Alas! it is not only "more than" thirty years since the embryo of "Erewhon" appeared in the Press, but close on forty! What a great gap of time yawns between now and then! And so in those days I was enthusiastic about Titian. No doubt; but he has not held his own with me as Handel has done: Handel, like Homer, and Shakespeare, grip me ever with tighter hold; what hold Titian, Leonardo, Raffaelle, and Michael Angelo have over me (and well—to speak quite plainly, I like none of them) is a hold on brain, not on heart. But let that pass.

If you knew, as none but myself and a few intimate friends know, how fiercely and continuously I have been vituperated almost from the very day on which "Erewhon" ceased to be anonymous, you would understand the relief it is to me to have at last written a book that has met with a cordial and generous reception. There have been few reviews of "Erewhon Revisited" to which the most captious author could take exception—but the intermediate books have all been dead failures; so much so that I am now more than £1,100 to the page 106bad with my books as a whole—a sum which being spread over thirty years has never pinched me—I cannot appeal ad misericordiam; I am exceedingly comfortably off—but I mention the sum to show how utterly flat the books have fallen as regards the numbers of their readers, though I doubt whether there is a single one of them that has not made a certain mark.

How could I expect anything else? With "Erewhon," Chas. Darwin smelt danger from afar. I knew him personally. He was one of my grandfather's pupils. He knew very well that the machine chapters in "Erewhon" would not end there—and the Darwin circle was then the most important literary power in England.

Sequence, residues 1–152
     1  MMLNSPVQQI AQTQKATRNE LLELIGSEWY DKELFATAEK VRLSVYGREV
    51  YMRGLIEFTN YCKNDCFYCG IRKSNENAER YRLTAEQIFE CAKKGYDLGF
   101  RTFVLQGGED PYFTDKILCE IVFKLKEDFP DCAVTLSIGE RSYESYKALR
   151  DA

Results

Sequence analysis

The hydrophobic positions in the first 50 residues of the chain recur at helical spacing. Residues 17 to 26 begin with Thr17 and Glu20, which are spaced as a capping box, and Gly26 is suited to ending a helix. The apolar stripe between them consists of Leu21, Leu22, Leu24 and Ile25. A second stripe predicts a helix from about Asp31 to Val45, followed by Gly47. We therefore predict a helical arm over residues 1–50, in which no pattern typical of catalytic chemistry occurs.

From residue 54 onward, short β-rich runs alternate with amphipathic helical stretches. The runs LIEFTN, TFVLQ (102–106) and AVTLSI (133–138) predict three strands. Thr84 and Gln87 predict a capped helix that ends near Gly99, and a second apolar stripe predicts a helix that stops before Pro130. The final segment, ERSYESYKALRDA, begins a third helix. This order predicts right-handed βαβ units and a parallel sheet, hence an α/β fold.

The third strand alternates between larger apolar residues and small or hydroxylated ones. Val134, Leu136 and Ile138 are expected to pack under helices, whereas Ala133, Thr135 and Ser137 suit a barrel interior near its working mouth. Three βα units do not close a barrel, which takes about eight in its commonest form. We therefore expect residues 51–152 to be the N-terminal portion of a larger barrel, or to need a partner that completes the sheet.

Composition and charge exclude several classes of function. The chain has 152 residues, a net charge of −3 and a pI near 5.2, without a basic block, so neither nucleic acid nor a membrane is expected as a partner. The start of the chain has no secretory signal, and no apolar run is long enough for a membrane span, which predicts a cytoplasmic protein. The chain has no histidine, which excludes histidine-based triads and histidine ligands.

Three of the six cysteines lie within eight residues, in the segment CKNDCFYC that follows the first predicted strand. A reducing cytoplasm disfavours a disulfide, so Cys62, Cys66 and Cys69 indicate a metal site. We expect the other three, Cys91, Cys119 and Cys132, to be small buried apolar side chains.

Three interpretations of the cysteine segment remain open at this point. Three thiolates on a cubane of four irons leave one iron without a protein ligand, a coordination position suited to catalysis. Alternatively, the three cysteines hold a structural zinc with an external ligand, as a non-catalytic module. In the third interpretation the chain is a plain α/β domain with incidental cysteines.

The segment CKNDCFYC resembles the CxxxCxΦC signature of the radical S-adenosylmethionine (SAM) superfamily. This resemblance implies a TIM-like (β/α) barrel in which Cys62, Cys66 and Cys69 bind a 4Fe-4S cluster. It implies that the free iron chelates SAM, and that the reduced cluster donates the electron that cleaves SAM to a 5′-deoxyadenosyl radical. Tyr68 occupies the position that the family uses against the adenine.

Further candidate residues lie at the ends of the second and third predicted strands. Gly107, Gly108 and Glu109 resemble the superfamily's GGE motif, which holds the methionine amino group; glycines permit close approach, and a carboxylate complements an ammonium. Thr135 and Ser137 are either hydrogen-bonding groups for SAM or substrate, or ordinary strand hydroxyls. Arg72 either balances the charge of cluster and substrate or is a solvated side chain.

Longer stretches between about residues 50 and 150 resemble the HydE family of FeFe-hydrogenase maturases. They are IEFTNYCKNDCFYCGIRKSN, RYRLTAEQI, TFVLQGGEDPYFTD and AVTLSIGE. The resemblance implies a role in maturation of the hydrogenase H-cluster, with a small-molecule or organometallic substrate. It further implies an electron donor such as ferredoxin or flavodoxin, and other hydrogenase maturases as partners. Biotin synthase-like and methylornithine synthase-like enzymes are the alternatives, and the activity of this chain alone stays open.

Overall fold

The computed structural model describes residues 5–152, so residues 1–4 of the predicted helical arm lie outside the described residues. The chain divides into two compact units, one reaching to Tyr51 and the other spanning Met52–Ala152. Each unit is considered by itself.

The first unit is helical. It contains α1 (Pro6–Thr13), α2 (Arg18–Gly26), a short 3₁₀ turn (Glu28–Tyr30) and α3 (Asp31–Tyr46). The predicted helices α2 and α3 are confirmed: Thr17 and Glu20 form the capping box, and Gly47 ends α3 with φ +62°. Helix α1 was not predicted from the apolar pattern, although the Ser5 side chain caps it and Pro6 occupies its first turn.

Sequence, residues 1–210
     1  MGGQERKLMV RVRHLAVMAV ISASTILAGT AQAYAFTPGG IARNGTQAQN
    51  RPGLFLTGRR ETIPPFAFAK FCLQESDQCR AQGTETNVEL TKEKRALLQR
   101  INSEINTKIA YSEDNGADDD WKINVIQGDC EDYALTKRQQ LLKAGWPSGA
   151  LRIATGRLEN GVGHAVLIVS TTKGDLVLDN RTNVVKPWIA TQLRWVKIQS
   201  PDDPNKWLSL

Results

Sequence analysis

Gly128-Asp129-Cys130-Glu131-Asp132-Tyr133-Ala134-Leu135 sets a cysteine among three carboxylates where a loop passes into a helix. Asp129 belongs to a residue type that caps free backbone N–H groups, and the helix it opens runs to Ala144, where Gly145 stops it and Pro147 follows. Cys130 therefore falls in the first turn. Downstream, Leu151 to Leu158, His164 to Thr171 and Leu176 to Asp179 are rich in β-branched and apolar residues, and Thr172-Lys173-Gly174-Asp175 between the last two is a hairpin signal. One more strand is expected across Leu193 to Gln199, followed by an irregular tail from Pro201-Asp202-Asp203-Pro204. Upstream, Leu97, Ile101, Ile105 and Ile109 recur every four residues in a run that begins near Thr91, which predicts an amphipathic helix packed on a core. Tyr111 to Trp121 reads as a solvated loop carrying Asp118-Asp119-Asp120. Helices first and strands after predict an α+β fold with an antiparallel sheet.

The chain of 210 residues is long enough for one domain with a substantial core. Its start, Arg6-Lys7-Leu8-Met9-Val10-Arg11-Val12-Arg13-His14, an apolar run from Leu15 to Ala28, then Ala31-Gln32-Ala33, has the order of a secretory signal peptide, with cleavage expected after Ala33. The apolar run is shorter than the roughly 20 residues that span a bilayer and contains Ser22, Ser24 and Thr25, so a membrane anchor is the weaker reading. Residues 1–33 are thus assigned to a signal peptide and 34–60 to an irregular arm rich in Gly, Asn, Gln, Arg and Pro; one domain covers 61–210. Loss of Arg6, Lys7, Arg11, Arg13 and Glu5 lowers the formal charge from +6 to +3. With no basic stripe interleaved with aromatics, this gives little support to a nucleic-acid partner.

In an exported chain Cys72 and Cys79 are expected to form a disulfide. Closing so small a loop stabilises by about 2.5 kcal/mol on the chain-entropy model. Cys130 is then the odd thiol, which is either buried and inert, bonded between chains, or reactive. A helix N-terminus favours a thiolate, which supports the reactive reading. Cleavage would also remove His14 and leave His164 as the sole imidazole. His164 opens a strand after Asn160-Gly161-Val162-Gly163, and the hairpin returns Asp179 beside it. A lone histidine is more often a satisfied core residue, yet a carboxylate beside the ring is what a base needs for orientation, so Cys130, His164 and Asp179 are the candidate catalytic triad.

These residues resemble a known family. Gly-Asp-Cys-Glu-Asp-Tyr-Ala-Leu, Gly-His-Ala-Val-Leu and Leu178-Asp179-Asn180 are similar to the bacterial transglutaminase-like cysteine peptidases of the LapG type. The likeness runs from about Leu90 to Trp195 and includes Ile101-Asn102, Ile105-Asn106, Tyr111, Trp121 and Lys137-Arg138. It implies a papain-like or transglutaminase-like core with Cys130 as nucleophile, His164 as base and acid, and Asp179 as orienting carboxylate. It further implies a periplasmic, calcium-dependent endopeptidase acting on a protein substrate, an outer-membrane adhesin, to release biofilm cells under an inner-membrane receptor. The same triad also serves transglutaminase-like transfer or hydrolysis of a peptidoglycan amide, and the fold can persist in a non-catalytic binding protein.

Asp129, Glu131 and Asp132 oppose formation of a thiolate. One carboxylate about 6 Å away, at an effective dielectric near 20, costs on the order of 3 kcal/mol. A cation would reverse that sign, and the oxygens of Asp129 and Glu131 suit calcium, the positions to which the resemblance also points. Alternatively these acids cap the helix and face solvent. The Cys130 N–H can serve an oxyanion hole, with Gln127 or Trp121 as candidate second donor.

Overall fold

I fear "Erewhon" did not find favour again with the religious world. Still less did its successor, "The Fair Haven," do so. With "Life and Habit" the fat was in the Darwinian fire, and it was war to the death between us. This, and its successors "Evolution—Old and New," "Unconscious Memory," and "Luck or Cunning?" —to quote the words of a leader of the Darwinian party that were reported to me—"made Butler impossible." I sandwiched "Alps and Sanctuaries" in between the two last-named books, but I had got too bad a name for it to find favour with more than a very few, who, however, were delighted with it. Then came "Ex Voto," in which I fell foul of Layard and unearthed a whole school of sculpture of which the pundits of art knew nothing. No man can do this and be received with open arms. Then came my life of Dr. Butler—a book which was well received enough, but over which I was thankful not to have dropped much more than £200; and by tilting at Arnold I angered all Arnold's still powerful worshippers. Then came "The Authoress of the Odyssey"—why more? page 107The fact is that I have never written on any subject unless I believed that the authorities on it were hopelessly wrong. If I thought them sound, why write? The consequence is that I have throughout, I am profoundly thankful to say, been in a very solitary Ishmaelitic position, and I heartily trust that the temporary success of this last book may not tempt me to abandon the attitude which for so many years I have maintained, on the whole greatly to the satisfaction of my own conscience. Pardon me, dear sir, for the length to which this letter has extended itself (which it would not have done but for the warmly sympathetic tone of your article), and believe me,